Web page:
However, if you fall into the category of people who do not want this, then you need to explicitly state this somewhere before the wedding and on the day. Leaving it to “my guests would have more respect than that” is a huge chance, because for many people its not a disrespectful thing to do!
For some of you who are fine with everything being on social media and no limits placed on your guests, you may be thinking, why would any wedding couple do this? What is wrong with sharing photos and videos of someones big day? Here are a few reasons why people may not want their wedding day on social media.
Some people are private. For some people you won’t see photos of their food online, you won’t see photos of all their family members, every holiday, their daily walks abouts, what they watch on tv and so on. For some people you may see a post every few months, they may even post every day, but it will be nothing about their personal lives of family. For some people like this, they won’t want their most intimate day online for the world to see. And before someone thinks, “but my profile is private”; yours may be, but what about all of your guests? And even if their’s are too, that is say 70-200 profiles with your intimate moments on, shared with the 500-2000 friends on their profiles too, so potentially your private moments are shared with how many people (head to your phone to do some quick calculations).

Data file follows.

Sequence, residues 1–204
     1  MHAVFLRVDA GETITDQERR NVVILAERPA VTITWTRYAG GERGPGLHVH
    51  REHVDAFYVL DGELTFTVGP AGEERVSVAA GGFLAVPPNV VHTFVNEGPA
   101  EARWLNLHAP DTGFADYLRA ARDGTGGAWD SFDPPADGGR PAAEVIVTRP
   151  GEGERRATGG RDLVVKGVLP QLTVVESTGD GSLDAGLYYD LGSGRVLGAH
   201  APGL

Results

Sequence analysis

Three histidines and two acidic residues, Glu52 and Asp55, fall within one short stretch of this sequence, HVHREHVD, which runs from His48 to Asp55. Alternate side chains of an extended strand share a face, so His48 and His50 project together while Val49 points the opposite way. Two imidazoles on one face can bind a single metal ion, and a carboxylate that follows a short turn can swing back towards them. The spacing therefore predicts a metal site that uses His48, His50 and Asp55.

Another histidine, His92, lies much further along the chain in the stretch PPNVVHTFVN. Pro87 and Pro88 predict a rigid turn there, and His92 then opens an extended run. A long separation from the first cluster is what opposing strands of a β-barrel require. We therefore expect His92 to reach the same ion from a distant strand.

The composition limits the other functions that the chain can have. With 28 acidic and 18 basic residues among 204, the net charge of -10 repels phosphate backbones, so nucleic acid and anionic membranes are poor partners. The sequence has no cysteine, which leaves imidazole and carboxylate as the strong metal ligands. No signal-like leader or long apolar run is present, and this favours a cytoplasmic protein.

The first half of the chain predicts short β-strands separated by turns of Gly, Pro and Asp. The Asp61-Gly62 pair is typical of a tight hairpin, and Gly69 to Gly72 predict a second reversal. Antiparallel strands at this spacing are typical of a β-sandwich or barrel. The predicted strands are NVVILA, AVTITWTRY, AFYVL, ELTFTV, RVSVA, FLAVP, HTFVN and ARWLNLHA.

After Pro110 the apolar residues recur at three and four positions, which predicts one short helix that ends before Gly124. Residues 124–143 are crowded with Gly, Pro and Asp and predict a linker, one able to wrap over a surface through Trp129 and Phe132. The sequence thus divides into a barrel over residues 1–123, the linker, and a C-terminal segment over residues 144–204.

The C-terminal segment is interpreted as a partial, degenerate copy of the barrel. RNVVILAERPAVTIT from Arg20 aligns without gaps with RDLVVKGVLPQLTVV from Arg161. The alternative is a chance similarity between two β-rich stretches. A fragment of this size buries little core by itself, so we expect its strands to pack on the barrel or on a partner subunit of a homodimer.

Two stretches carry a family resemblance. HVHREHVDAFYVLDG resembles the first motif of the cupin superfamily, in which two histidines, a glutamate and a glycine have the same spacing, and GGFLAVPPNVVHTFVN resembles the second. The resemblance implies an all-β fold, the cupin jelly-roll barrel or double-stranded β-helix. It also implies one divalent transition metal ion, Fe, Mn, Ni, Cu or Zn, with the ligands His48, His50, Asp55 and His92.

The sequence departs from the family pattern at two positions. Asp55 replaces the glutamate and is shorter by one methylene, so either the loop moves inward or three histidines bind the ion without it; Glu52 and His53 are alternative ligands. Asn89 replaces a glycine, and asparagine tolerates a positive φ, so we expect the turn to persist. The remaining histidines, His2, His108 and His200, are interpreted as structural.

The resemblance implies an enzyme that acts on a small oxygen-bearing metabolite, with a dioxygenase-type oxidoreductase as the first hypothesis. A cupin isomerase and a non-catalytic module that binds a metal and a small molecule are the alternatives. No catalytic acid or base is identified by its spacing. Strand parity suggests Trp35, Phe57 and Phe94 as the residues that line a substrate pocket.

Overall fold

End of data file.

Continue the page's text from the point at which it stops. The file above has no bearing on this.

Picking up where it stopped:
If you have had a small private wedding of say 50 people, and purposefully kept it that way because you did not want random family and acquaintances present on your day, some people would say that posting it all over social media defeats that object. What do you think?
A Few Examples
For those people unconvinced, here are a few examples of guests posting on social media where the couple were not best pleased.
1 – A bridesmaid snap chatting the bride in the background before she got to the church on the day of the wedding.
2 – Guests Facebook living at a wedding